Nearly a century ago, the Hippodrome opened as a combination movie palace and vaudeville theater, spending more than 70 years hosting big names such as Bob Hope and Frank Sinatra. Following a double-decade period of slow business and bad hairstyles, the Hippodrome closed down in 1990. Now, however, after an exhaustive restoration project that reanimated the theater’s chandelier-lit arches, the mural above the proscenium stage, and the grand-theater boxes that hearken back to opera’s heyday, the Hippodrome reopens to the delight of Baltimore’s cultural landscape.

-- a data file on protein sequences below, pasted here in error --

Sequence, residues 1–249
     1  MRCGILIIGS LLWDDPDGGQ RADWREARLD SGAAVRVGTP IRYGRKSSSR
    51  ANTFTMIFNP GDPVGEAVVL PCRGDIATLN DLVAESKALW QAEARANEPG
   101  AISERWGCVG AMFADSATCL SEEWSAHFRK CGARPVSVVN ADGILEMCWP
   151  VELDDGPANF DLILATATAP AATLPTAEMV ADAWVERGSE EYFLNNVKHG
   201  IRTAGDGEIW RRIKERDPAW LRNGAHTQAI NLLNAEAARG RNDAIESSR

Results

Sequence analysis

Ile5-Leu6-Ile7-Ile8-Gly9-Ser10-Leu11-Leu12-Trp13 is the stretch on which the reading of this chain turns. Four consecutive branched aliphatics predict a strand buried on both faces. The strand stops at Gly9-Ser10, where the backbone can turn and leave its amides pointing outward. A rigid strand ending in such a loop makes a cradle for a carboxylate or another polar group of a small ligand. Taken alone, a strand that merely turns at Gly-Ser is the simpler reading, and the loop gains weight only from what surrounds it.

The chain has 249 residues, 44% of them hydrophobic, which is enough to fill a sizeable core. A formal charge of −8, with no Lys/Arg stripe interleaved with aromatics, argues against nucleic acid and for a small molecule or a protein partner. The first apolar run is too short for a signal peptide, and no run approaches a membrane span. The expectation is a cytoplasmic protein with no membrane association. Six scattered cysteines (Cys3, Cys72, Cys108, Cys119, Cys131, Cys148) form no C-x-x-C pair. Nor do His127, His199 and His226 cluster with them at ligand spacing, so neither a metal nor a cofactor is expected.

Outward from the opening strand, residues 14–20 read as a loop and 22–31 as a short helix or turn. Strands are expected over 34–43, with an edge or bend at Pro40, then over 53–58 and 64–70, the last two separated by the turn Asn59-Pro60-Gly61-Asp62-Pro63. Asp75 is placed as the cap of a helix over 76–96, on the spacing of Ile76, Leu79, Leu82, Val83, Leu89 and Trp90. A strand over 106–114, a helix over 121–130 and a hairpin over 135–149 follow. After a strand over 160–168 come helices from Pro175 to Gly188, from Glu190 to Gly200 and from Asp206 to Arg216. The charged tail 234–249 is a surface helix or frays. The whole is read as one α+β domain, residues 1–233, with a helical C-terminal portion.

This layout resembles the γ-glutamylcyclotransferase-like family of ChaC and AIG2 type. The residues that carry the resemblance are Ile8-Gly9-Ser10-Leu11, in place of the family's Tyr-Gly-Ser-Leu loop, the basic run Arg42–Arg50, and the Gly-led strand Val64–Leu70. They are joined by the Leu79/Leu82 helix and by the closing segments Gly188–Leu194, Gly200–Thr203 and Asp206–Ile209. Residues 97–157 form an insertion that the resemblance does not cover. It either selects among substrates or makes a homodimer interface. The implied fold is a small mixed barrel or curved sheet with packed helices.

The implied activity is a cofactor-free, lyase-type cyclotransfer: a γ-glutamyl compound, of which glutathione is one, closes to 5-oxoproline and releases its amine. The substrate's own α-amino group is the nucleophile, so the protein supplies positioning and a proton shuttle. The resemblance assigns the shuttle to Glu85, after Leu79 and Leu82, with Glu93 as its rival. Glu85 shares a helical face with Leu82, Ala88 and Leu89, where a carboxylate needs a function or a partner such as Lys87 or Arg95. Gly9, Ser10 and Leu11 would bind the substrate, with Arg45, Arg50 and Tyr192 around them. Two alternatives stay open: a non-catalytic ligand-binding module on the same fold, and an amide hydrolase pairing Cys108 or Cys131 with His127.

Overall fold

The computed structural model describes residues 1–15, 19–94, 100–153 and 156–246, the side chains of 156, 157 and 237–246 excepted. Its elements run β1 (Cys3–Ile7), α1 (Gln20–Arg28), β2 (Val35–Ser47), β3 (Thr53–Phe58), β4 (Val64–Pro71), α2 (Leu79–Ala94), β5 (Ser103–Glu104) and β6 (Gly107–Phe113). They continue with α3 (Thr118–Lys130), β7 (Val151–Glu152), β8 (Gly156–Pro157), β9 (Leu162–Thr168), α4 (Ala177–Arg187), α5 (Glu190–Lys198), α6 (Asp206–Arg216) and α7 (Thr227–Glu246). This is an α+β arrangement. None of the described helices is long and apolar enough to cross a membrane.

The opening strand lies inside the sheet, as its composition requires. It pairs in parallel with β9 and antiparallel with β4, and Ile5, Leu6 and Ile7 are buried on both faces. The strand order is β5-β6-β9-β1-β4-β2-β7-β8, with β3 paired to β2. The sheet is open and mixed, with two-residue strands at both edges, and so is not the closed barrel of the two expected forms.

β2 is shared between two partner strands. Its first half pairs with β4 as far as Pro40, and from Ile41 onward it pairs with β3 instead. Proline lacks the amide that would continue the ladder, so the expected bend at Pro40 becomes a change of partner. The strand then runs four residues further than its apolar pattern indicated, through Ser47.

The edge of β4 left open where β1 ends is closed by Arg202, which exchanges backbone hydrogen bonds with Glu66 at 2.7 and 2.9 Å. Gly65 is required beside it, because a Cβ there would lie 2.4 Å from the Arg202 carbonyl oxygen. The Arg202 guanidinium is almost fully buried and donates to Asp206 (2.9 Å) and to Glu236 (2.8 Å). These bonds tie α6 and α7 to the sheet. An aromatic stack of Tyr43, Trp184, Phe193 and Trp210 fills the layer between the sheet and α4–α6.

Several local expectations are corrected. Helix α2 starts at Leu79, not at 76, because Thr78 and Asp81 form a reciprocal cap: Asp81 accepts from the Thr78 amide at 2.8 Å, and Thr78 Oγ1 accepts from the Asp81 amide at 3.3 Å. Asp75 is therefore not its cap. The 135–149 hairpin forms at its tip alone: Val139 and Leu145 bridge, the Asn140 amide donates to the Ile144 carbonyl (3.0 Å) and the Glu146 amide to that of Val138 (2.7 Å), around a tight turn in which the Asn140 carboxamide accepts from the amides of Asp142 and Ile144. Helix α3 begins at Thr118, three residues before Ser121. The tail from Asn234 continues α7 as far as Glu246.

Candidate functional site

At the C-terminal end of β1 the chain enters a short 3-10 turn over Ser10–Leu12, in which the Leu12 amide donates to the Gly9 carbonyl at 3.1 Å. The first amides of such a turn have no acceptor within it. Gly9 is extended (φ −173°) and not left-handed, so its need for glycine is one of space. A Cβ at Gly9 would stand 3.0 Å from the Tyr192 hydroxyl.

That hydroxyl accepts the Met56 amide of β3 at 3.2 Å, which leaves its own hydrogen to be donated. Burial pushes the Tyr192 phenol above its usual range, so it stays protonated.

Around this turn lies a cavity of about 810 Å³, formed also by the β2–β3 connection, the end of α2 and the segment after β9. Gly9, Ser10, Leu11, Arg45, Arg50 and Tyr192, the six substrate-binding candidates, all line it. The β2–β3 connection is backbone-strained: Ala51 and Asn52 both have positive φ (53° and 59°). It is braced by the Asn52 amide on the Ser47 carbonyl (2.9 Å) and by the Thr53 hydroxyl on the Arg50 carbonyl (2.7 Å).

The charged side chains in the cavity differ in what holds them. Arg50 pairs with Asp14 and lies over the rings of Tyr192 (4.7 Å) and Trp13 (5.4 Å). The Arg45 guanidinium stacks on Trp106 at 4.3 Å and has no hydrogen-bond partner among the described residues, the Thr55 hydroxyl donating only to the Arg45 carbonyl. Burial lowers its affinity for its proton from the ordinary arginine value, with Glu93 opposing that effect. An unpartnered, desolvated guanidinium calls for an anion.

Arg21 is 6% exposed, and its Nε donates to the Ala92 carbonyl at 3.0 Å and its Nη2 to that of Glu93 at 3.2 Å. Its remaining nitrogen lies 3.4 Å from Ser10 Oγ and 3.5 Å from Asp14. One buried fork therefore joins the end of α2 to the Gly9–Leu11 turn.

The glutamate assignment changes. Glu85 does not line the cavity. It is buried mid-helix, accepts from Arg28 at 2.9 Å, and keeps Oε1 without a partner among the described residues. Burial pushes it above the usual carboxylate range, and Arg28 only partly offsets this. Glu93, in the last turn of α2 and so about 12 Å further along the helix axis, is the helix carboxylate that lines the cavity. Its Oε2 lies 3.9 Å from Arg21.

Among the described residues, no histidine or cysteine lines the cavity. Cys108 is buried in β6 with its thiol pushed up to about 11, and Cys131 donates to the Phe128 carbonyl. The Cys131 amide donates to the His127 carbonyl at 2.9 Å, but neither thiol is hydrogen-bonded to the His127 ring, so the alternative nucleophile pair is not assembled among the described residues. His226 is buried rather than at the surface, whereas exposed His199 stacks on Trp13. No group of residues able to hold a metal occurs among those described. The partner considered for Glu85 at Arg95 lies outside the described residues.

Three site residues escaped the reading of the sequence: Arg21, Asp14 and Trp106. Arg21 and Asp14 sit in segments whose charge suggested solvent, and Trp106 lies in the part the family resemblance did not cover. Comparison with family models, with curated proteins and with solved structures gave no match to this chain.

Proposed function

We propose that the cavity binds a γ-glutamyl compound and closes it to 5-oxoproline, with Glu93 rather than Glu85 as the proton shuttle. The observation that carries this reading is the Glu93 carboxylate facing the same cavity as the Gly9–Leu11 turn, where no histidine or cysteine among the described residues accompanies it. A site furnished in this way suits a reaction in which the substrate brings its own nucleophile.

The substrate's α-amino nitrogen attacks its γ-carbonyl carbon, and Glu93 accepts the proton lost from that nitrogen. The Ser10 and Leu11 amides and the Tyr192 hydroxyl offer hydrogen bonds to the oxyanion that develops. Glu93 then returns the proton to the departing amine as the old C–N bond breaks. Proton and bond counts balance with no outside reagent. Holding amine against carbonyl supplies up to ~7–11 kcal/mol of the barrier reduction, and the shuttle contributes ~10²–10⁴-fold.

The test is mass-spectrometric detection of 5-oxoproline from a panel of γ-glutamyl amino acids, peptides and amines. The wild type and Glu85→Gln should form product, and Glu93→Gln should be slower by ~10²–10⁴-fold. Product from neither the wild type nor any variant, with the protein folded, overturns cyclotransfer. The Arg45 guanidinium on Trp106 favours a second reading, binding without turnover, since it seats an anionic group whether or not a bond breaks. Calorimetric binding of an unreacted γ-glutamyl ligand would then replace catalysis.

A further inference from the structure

Intimate evenings of music snuggle comfortably into the Jorgensen Center for the Performing Arts, whose Cabaret Series won Connecticut Magazine's Best Cabaret award in 2011 and 2012. Candlelit tabletops exude a cozy nightclub ambiance around a cabaret stage topped with six acclaimed acts each year and a fresh coat of peanut butter each night. The University of Connecticut brings many more acts to its larger main stage, with a special emphasis on jazz and classical luminaries and music and dance from all corners of the globe.
The 2,300-seat Hanover Theatre for the Performing Arts?which was built in 1904?underwent a massive renovation in 2002, restoring historic details and adding modern amenities. With seats in the upper balcony, guests enjoy vistas of the theater's elegant chandelier, gilt-etched walls, and ornate fourth wall.